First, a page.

Thornton Dial

Thornton Dial, sometimes called Buck Dial, is an Afro-American artist who creates sculptural objects, large assemblages using found objects. He also uses pastels and paints on small to large sized artist papers. Thornton Dial has deep convictions concerning racial, religious, political, and social valves which he expresses brilliantly in his work.

Thornton Dial has had one man shows in New York City and Houston. He is recognized as one of the greatest living self-taught artists in the United States. Dial only began seriously making art after his retirement. Thornton Dial Sr. is one of a handful of artists that will bridge the chasm of self-taught verses trained artists. His brilliant work begs the question of artistic training. Dial's work is as thoughtful, thought provoking and timeless as the best of contemporary art in the universe. Thornton Dial Sr. attended school through the fourth grade and neither reads nor writes. He is married and has three sons and two daughters. Thornton Dial worked for the Pullman Standard Company for thirty years. He did iron work, cement work, a jack-of-all- trades. He worked in and around Bessemer, Alabama, finally starting his own family business making painted steel furniture. Dial is the "patriarch" of a clan of noted folk artists including his son, Thornton Dial Jr., known as "Little Buck", and Richard Dial. “Little Buck” Dial began his artistic activity about 1986, inspired by works of art in his father’s backyard.

The paintings, sculptures, and assemblages of "Little Buck" almost always deal with social conditions and the relationships between blacks and whites or man and nature. His subject matter is often complex. such as a gorilla lending a helping hand to the United States and to the telephone company symbolizes the role of Blacks in building the country. He sometimes repeats images in a series in order to make his point. For example, one of his series uses insects as symbols of the social conditions prevailing in the black world. Another work in this group entitled "Role Model" shows a butterfly emerging from a cocoon.

Dial Sr. first came into the spotlight after being discovered and promoted by folk art collector Bill Arnett. A prolific art dealer, Arnett was virtually excommunicated from the Atlanta art scene in the mid-1980s. Arnett turned his sights to collecting art from African-American "folk artists." He became, as Morley Safer labeled him, "the king of outsider art." Because Arnett loudly promotes certain African-American vernacular artists as "better than Picasso, better than Matisse" he is often dismissed as the P.T. Barnum of the 21st century art world. Others believe he is a prescient genius who is championing an art form that is as important to the art continuum as blues and jazz were to music. Those putting Arnett in the "genius" category, in fact, compare him to Alan Lomax the white man credited with "discovering the blues."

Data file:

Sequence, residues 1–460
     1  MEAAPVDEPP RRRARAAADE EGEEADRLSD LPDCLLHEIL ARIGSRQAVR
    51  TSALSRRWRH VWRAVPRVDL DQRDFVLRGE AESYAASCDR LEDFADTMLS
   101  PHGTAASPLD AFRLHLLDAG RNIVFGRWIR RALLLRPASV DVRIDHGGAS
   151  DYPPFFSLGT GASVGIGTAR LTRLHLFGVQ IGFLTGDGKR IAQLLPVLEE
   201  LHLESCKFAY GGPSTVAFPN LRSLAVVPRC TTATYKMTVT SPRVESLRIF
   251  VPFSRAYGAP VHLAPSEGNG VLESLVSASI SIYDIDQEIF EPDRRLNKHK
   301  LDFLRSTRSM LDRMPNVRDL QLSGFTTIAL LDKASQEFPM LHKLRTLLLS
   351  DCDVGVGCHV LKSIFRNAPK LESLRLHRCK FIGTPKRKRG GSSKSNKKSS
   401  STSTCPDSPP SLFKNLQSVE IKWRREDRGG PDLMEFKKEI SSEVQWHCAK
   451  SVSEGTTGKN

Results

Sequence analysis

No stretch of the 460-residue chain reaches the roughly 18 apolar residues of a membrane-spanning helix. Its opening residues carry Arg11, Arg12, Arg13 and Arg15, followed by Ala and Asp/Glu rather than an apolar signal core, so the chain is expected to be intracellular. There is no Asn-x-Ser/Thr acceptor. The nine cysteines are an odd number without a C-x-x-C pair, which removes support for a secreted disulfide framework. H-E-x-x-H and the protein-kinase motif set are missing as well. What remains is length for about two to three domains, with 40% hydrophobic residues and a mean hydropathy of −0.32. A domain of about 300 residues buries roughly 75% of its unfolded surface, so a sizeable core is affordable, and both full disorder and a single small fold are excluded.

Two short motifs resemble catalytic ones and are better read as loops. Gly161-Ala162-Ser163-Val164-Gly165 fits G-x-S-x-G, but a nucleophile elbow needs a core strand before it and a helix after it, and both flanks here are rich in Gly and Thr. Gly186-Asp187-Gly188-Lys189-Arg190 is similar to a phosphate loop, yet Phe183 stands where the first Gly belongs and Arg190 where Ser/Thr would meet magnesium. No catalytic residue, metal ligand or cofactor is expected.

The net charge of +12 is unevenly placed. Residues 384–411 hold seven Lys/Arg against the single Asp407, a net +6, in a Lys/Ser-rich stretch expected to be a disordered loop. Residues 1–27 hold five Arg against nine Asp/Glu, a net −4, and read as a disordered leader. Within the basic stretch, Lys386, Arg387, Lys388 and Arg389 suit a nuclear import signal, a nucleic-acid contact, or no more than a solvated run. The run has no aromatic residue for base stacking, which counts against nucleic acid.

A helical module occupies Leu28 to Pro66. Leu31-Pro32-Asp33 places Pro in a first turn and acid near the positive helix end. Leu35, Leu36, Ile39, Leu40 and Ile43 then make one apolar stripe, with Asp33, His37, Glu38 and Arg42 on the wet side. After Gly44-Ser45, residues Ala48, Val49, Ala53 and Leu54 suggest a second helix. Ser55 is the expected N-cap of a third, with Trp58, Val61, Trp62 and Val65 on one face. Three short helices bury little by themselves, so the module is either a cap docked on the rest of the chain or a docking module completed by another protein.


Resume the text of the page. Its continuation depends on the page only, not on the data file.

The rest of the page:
Arnett believes there is a conspiracy afoot aimed at keeping African-American Vernacular Art out of the art history books and at destroying him, Thornton Dial and their grand, ever-evolving mission. Arnett discovered Dial's work through self taught artist, Lonnie Holley and he brought attention of Dial's work to the art world in 1987. It wasn't very long before he was discovered by the outside art world, and showing his artwork at galleries and museums, including The New Museum in New York and the Whitney Biennial.

Thornton Dial's art functions like folk tales, combining African and American traditions to tell stories that are at once personal, political, and spiritual. Dial's work is stretching the borders of both folk art and modern art.

When asked how Buck came to be an artist he replied "I didn't have no real job, so I made a job making art." In the beginning his family laughed at his paintings, he buried them and created many of his works in secrecy. Dial's work is more complex and sophisticated than the naive style so often associated with outsider art. Some of his works often incorporate materials such as rugs matted with paint, furniture and sculptural objects. With more time to make things simply for his own pleasure, Dial started constructing figurative sculptures, then branched out to painting and mixed-media assemblages.

Thornton Dial has this to say about his artwork: "Art is strange-looking stuff and most people don’t understand art. Most people don’t understand my art, the art of Negroes; because most people don’t understand me, don’t understand the Negroes at all. If everybody understand one another, wouldn’t nobody make art. Art is something to open your eyes. Art is for understanding.” Too many people died without ever getting their mind out to the world.

“Thornton Dial,” a documentary produced and directed by Alabama Public Television’s Celia Carey, won The Golden Gate Award for Best TV Documentary Short Form at the 2006 San Francisco International Film Festival. The film was funded by Alabama Power and the Museum of Fine Arts, Houston. “Thornton Dial,” examines the extraordinary life and work of the artist from Bessemer, Alabama, which is sixteen miles south of Birmingham. The film also explores Southern African-American improvisational visual art, the underrated sibling of jazz, the blues and gospel. 

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